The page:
Where My Head’s At: Gesaffelstein & Brodinski
“Where My Head’s At” is a feature from Dancing Astronaut that gives readers a quick glimpse into an editor’s personal music tastes and how they developed. Subject matter will be all over the map, but we want to let you get a feel for individual editors, and where their heads are at.
This dance music empire is built on pre-packaged euphoria. Every break, build, and drop is carefully calculated to appeal to your ears and legs. There’s nothing wrong with that. If you’re looking for someone to sneer at the break up of Swedish House Mafia or to downplay Avicii’s brand of buoyant pop, there’s no shortage of music critics reveling in newfound electronic hipsterdom. But dance music was made to be enjoyed. It was made to be enjoyed with the friends, family, and fellow festival-goers that infuse dance events with a collective energy that transcends the individual men and women behind the mixer. Last year, I found that while I still enjoyed these experiences, the polished chord progressions and radio-ready hooks were beginning to ring hollow in my ears.
My tastes had been trending dark and underground for awhile, but it was difficult to bring everyone aboard my ferry down the River Styx. A Richie Hawtin show is a daunting prospect for ears accustomed to Steve Aoki. My interest in acclimation was unselfish. Hell, I could have fun solo and sober at a Dubfire show with the lights on. But I wanted to share these sounds with my other friends because, in the words of Plastikman himself, “electronic music is an ocean.” The coolest creatures live where it’s deep and dark. What I needed were musical diplomats of darkness, accessible anti-heroes who could entice people out of their musical comfort zones.
Love at first listen exists, and these days it goes by the name of “Control Movement.” Gesaffelstein‘s flagship track is simultaneously haunting and alluring, a gritty arrangement of ominous synths and industrial percussion that appears, on its surface, anathema to everything for which tracks like “I Could Be The One” stand. Yet I have never played it for anyone who didn’t like it — even if they were creeped out by his foreboding video for single “Viol” (which means “rape” in French).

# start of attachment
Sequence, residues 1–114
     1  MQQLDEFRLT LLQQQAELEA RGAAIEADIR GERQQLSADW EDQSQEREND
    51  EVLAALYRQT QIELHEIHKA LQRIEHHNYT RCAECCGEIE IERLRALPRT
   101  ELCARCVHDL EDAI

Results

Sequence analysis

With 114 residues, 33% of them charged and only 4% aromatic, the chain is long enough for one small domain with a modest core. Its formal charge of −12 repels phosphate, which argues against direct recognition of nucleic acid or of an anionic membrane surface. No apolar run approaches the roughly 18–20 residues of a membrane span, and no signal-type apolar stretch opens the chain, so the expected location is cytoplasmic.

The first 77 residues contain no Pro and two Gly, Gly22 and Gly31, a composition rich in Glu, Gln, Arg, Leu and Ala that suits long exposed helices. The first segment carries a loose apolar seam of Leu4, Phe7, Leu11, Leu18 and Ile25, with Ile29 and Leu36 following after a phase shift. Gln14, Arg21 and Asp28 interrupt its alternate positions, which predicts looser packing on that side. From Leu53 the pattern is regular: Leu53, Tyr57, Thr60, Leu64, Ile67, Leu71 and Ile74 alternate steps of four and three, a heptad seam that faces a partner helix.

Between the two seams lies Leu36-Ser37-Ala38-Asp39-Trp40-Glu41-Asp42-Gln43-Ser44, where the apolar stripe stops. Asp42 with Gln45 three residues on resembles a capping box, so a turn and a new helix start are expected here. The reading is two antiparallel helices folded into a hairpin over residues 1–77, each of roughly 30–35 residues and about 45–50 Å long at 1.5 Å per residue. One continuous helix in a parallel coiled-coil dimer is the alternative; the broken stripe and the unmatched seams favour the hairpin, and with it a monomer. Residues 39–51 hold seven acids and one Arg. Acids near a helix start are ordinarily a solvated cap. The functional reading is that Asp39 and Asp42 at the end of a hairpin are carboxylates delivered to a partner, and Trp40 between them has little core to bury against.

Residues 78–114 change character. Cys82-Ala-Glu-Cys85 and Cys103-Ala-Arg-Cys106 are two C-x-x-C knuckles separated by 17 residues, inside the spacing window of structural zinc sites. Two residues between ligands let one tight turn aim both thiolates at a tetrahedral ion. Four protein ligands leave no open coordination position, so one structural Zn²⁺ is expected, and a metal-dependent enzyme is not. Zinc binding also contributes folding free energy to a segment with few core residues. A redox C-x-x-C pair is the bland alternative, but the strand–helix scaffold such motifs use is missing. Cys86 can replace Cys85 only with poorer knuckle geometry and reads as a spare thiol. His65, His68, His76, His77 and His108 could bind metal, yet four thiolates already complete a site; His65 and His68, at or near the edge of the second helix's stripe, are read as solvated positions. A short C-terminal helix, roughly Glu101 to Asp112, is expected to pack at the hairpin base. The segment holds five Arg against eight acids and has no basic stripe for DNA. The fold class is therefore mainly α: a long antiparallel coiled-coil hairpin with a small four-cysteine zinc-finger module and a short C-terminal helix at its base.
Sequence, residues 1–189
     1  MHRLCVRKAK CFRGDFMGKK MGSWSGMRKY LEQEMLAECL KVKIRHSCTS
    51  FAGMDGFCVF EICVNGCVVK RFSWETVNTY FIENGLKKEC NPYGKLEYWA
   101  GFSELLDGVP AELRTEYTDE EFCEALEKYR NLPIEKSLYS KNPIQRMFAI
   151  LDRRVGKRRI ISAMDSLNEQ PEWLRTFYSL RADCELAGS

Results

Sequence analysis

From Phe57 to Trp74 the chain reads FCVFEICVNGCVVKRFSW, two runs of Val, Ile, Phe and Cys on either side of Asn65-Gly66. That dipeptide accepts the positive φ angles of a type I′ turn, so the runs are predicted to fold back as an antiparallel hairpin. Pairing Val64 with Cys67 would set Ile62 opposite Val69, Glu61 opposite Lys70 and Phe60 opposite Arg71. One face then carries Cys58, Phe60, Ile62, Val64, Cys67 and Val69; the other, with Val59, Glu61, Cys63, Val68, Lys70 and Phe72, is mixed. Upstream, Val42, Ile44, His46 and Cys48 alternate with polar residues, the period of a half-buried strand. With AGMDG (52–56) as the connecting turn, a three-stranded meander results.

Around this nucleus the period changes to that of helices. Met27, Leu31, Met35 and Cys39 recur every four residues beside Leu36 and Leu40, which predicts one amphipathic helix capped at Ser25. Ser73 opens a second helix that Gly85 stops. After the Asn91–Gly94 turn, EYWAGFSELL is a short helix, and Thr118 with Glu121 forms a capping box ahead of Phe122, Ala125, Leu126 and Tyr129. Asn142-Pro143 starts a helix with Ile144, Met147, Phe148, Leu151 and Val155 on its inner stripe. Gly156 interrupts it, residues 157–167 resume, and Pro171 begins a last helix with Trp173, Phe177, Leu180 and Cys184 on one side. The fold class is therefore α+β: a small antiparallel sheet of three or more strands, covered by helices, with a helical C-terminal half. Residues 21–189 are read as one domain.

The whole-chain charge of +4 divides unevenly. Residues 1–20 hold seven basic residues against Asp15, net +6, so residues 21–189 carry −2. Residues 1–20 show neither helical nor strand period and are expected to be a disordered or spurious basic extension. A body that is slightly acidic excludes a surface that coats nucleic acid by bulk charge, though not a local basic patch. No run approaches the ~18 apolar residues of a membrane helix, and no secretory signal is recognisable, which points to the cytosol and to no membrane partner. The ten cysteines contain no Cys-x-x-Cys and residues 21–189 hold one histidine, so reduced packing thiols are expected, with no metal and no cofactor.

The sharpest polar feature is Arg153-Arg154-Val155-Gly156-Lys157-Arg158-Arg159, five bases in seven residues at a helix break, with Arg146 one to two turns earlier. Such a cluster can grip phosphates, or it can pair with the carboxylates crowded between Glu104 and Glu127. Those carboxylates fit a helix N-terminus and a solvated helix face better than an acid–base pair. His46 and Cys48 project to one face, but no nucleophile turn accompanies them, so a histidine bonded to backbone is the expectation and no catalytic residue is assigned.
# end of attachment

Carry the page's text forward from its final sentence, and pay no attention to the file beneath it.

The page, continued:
The first time I saw Gesaffelstein was at Washington’s fittingly subterranean U Street Music Hall, where he put on a dark techno clinic that left my ears ringing and mouth agape. Black-suited and brilliant, he acknowledged the crowd but eschewed self-congratulatory interaction, pausing from his emphatic mixing only to occasionally puff cigarettes and pout. I was amazed to see unexpected friends repeatedly surface in the crowd, enthusiastic converts who formed a living testament to the music’s unique appeal as a gateway to the underground.
Missing that night was his Bromance Records partner-in-crime, fellow French producer Brodinski — but I quickly became enamored with his output as well. Tracks like “Let the Beat Control Your Body” and “Nobody Rules the Streets” are twisted and memorable productions that compel attention through innovative and engaging sound design. Masterfully layering synths and distorted samples from ambulance sirens to vocal snippets, Brodinski excels in weaving sinister sonic tapestries that are easy to admire and near-impossible to replicate. I can honestly say I hear something new on each repeat listen.
The volatile combination of their talents has propelled the duo to stages across the world and elevated Bromance Records into the upper echelons of its genre, upsetting the natural order of techno’s perennial old boys’ club. More importantly, they have guided new listeners from more mainstream genres to explore and enjoy eclectic and unconventional forms of dance music. Make no mistake, the Bromance duo are the hottest French export since Justice. Take it from the Ed Banger icons themselves, who were reportedly inseparable from the artists on Holy Ship!! and recently featured Gesaffelstein’s stripped-down “Helix” remix on their latest EP. Some have slapped the Bromance sound with the premature label of “future techno,” and perhaps it will stick. What is clear, however, is that the future will be shaped by the creative time bomb brewing between Gesaffelstein and Brodinski — and I highly doubt its blast radius will be limited to techno.
Check out Gesaffelstein’s stellar set at the Boiler Room Berlin here.